There will never be another man like him

Karthik Navayan

(We thank Karthik for this moving tribute to the great Telugu poet, Marxist-Leninist and Maoist ideologue, Dalit leader and social revolutionary K.G. Satyamurthy, who passed away on April 17, 2012-- Round Table India)


You have to decide on your own how you wish to understand Satyamurthy, but he was a man who everyone should try to understand. If efforts to understand him are marked by sincerity, poets will understand him as a Mahakavi, (radical left) revolutionaries* will understand him as a great revolutionary leader, thinkers and philosophers will understand him as a great thinker. To understand a man, it might be enough to read his writing, but to understand Satyamurthy, one needs to understand his life too.

Satyamurthy had little interest in the many comforts easily accessed by traditional upper caste, middle class revolutionary leaders and poets. It was not that he could not have earned them, but he chose to live by the ideals that informed his writing. There was no contradiction between his life and his writing. After he became a revolutionary, several decades ago, the last three years of his life were the only time he actually spent with his children, whom he had left long ago. Until 2009, he was constantly engaged in one kind of activism or another, constantly traveling, especially in Telangana where he still has a lot of admirers. There were many occasions on which he developed health related issues while traveling and had to face his daughter's anger. His life itself was poetry; it was not a poet's life. We cannot separate his life from his poetry. He lived by the politics he believed in, and lived among the poor and the people he trusted, all through his life. That is the main difference between Satyamurthy and other poets.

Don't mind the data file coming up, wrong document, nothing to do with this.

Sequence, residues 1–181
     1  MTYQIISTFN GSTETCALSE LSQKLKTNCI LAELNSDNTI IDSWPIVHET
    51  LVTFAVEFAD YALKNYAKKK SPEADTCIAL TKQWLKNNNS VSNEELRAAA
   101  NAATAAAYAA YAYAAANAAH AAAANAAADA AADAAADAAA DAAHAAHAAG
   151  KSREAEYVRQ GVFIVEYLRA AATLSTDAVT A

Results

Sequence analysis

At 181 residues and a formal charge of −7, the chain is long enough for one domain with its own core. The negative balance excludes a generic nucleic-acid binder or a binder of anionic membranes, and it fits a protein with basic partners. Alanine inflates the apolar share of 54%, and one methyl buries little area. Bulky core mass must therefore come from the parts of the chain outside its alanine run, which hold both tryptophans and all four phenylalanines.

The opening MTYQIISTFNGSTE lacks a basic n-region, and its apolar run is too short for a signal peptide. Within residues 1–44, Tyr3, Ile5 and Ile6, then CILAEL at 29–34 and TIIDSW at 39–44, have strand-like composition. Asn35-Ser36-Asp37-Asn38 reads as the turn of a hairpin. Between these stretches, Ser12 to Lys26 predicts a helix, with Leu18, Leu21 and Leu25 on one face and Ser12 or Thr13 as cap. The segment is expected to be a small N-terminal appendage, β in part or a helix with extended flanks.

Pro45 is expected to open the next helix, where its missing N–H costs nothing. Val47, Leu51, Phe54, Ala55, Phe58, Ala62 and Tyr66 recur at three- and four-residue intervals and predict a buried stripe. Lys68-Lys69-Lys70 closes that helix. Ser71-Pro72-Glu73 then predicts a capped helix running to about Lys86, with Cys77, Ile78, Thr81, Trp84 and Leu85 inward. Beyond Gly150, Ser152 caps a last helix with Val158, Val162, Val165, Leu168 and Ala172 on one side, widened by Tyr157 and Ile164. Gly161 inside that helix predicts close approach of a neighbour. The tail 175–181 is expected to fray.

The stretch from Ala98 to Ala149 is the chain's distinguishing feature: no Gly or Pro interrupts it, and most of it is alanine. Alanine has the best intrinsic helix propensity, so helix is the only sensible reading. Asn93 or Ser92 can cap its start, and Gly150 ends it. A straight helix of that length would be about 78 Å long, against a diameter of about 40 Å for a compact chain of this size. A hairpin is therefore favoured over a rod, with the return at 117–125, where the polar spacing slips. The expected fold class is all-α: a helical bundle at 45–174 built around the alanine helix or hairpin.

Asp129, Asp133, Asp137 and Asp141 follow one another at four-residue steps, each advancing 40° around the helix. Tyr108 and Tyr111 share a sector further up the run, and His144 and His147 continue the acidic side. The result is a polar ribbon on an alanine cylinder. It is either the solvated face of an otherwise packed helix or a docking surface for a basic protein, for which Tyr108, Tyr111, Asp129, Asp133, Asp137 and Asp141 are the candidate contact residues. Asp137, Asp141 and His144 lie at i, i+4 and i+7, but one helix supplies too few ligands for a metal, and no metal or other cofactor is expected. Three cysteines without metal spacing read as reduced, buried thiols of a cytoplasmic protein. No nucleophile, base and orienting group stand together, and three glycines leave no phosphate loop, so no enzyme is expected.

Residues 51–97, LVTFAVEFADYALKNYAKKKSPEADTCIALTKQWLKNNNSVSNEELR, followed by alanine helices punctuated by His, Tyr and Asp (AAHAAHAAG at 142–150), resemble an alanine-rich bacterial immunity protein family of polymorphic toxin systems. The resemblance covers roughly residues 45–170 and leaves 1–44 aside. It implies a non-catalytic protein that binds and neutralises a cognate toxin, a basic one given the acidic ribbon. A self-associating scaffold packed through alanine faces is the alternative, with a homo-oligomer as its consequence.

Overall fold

Mayawati or Hatshepsut: Her place has to be shown



A handbag. A false beard.

Two seemingly innocuous objects which transform into fearsome symbols, when they adorn the statues of Mayawati and Hatshepsut respectively. These women statues have unleashed unprecedented amounts of societal outrage. Is the cause for outrage the engravings themselves, or the depicted demeanor, or is it the act of consecrating one's own statue? The answer would be all three reasons and more. The intensity of the backlash alludes to the kind of transgressive power that Mayawati and Hatshepsut have come to signify.




Ambedkar and Media


V. Ratnamala



The history of the press in India is the history of the freedom movement in the country. To a great extent, the Indian National Congress owed its popularity and position to the Indian press (Mazumdar, 1993). The history of the freedom movement happened to be the history of Congressmen. Hence the history of the press in India is the history of the newspapers run by Congressmen. The history of the oppressed community is being neglected and the history of the upper caste is celebrated in India. The majority which accepts Mahatma Gandhi as a great journalist declines to speak about the journalism of Ambedkar or the newspapers run by Ambedkar. It is important to identify the different interpretation of history of the freedom struggle as well as the press in India. This paper will look into the experiences of Ambedkar with media.

Its aim is to *explore the newspaper initiatives of Ambedkar, *study the representation of Ambedkar in media and *recognize his views on media. The paper will discuss the data observed using desk research. This is done by summarizing published sources - a form of secondary research.

Ambedkar's Journalism